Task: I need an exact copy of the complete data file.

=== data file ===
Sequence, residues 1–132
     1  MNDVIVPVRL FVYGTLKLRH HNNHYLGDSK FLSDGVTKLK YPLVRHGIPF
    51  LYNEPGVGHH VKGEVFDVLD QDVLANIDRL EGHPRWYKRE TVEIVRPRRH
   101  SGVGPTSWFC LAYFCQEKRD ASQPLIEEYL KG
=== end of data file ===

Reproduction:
Sequence, residues 1–132
     1  MNDVIVPVRL FVYGTLKLRH HNNHYLGDSK FLSDGVTKLK YPLVRHGIPF
    51  LYNEPGVGHH VKGEVFDVLD QDVLANIDRL EGHPRWYKRE TVEIVRPRRH
   101  SGVGPTSWFC LAYFCQEKRD ASQPLIEEYL KG